In addition to the letter from TransCanada‘s attorney, I had eventually received a final offer and with that final offer I had been told that if I do not take this offer I would be taken to court where my property would be condemned, I would start at zero, receive no additional clauses for erosion management and water testing, and that I would have court and attorney fees. These two examples contradict Cunha’s claim that eminent domain is “never used in any discussion or used as a threat in any way.” In addition, TransCanada still does not have the required Presidential Permit and the E.P.A. rejected the Environmental Impact Statement declaring it inadequate.
If I use TransCanada’s number of 98% successful agreements without the actual use of eminent domain then only 2% of landowners could possibly benefit from the eminent domain reform. The other 98% will be made up of landowners who can not afford the eminent domain process, felt threatened and intimidated, do not understand the process, or just could use a little extra money in exchange for an indefinite easement.
As Terri Hall pointed out “SB 18 expands the number of entities who can take your land by changing much of the language to include any “entity,” not just governmental entities with eminent domain authority. In fact, it removes the word “governmental” in many sections of the code, thus making it possible for Cintra or any other private toll operator or private developer to take your land for commercial purposes.” Therefore, by not limiting the description of entities, the abuse and intimidation will be compounded exponentially for the majority who have no recourse or protection since the majority make agreements prior to their land being condemned.
Also, according to the “Post Register” comments above, “Land to be sold back at the price it was condemned if it is not used with in 10 years.” However, the revised and proposed SB 18 actually states; “the owner or the owner’s heirs, successors, or assigns may be entitled to repurchase the property.” The old version stated; “are” entitled to repurchase the property. The above information is required to be disclosed. What is not required to be disclosed is the complicated process that depends on the entity notifying the landowner after ten years that the public use was cancelled and that the landowner is entitled to repurchase the property. Or, if a landowner has not heard from the entity after 10 years, the landowner can request information regarding the condemnation. No later than 180 days after a response from the entity, the landowner must notify the entity of intent to repurchase the property. Then, as soon as practicable, the entity shall offer to sell the property. The person’s right to repurchase the property expires on the 90th day after the date on which the entity makes the offer.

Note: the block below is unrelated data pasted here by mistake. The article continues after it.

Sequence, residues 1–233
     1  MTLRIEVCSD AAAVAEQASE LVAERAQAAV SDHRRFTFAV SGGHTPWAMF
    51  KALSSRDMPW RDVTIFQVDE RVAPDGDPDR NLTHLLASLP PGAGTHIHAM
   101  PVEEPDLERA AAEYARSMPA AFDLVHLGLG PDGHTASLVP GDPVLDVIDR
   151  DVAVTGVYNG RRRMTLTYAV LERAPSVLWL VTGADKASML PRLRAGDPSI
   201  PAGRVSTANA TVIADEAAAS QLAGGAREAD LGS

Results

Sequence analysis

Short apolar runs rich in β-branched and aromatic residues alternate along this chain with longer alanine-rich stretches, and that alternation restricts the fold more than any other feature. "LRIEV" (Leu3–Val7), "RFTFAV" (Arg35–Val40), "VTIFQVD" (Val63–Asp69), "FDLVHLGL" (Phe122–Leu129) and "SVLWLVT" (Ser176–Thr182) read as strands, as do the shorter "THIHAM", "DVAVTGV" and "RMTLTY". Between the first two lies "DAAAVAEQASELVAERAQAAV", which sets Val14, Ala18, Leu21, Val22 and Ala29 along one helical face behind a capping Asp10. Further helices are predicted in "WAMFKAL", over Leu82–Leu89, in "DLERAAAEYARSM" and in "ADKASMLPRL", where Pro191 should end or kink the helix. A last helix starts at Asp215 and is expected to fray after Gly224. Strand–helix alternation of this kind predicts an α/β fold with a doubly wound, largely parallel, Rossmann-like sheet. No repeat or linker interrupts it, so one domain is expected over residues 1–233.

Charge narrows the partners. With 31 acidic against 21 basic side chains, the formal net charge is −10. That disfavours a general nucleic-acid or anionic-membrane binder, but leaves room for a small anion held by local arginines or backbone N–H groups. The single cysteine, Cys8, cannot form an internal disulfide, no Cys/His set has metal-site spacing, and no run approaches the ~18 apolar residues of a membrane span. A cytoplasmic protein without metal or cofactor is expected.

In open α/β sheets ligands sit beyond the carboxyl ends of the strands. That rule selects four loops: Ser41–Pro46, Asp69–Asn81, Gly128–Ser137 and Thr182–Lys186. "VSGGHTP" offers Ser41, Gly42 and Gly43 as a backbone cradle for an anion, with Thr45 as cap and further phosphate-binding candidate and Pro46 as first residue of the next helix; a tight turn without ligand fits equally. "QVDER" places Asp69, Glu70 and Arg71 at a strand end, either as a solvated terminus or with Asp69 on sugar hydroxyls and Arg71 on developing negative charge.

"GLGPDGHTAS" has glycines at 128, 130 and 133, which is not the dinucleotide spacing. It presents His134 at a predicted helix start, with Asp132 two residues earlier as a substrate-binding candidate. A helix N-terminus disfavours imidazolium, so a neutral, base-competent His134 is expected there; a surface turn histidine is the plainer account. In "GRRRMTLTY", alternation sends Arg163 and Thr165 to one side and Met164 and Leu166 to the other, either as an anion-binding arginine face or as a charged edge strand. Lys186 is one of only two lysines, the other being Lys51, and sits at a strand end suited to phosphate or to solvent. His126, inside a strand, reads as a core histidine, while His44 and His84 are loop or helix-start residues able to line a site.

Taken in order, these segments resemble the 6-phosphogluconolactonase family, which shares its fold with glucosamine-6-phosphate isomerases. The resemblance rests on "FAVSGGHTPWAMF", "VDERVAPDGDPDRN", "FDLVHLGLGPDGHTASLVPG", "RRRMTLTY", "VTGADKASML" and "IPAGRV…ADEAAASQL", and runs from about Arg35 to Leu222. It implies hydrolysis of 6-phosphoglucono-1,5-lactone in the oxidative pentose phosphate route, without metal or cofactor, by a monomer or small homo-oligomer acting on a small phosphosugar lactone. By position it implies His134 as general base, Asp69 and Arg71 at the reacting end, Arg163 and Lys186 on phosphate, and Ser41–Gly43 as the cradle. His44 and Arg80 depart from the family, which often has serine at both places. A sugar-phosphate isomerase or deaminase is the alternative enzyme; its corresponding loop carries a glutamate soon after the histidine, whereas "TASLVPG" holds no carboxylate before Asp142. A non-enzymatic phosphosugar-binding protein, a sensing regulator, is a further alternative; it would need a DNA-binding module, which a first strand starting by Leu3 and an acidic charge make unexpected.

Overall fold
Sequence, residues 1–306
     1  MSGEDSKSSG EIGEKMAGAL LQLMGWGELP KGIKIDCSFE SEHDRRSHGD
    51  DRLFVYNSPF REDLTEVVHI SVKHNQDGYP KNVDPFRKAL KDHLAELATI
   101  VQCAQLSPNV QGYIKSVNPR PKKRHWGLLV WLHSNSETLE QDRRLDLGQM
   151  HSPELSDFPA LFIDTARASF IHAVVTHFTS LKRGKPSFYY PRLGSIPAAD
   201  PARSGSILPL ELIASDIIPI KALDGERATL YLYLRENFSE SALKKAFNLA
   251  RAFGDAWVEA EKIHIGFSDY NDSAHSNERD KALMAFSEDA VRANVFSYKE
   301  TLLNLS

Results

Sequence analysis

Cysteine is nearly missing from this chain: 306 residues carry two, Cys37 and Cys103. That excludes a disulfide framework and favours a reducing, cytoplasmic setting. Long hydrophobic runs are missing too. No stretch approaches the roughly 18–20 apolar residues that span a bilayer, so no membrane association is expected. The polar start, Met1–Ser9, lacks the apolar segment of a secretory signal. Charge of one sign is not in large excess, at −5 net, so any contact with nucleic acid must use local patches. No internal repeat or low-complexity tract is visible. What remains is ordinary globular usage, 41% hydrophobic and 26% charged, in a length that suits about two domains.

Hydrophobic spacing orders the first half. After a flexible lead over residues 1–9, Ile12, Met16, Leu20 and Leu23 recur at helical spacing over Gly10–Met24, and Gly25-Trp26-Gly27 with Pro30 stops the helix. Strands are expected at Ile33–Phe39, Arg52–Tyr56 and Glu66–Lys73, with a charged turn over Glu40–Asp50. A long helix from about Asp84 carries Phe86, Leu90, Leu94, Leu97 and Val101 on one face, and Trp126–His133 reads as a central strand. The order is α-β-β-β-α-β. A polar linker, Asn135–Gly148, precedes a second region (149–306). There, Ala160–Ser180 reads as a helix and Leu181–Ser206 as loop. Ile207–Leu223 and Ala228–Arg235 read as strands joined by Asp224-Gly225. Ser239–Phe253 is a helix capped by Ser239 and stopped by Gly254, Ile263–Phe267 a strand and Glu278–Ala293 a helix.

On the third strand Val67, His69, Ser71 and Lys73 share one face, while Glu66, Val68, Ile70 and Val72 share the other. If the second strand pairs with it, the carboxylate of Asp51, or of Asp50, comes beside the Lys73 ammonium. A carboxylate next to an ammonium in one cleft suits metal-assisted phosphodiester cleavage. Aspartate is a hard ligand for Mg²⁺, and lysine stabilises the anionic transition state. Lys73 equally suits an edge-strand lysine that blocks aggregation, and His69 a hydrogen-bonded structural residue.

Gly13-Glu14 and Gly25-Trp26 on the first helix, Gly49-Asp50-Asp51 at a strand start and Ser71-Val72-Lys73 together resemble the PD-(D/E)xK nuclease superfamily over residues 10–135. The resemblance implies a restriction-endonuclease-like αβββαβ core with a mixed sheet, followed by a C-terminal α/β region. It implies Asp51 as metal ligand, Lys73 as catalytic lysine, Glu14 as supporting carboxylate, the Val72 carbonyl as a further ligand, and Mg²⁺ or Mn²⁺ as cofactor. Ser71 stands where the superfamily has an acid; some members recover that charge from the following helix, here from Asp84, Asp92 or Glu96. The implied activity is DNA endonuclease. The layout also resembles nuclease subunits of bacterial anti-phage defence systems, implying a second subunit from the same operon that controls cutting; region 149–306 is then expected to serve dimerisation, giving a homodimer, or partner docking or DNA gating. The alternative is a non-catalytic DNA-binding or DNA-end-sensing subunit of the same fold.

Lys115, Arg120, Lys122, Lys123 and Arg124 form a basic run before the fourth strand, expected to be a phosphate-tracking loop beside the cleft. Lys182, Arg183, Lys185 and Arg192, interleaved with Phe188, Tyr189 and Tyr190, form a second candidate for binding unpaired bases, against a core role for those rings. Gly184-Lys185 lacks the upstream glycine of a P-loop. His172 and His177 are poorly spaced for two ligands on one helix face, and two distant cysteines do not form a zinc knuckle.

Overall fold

If the 2% has such a great deal going for them, as mentioned above, then what does the remaining 98% have going for them when the eminent domain laws/protection do not apply? If, as in my case, a landowner does not want to sell but feels that there is no other viable option due to an entities ultimate power of eminent domain and an overt imbalance of funds and legal representation, then, is it not a forced sale? This forced sale then gets categorized in the 98% as a successful agreement. Do these forced sales or otherwise successful agreements have the same recourse and entitlement to repurchase, etc? Even criminals have the right and option of a court appointed attorney to help them in the interest of fairness. Landowners, whose land is being taken(stolen) from them and whose lives are being put in harms way, do not have any viable option if they do not have the money and resources to fight it, protect themselves, or even make an informed decision.
I presented a petition to a representatives office that asked for the creation of a public policy that, at all relevant levels of the state government, would require any corporation to fully establish all permitting approvals from all relevant agencies, prior to claiming and exercising condemnation / eminent domain rights against landowners. I felt that this was not an unreasonable request but was told that a public policy like this would not pass.
In conclusion, it appears obvious that Perry’s reform would only slightly benefit a very small percentage of landowners and that the emergency SB 18 would open the flood gates for any entity to abuse the majority of landowners. I say Perry’s eminent domain bill would be a victory for “entities” and as Terri Hall said “a disaster for landowners.”
The proposed bill can be viewed at the link below: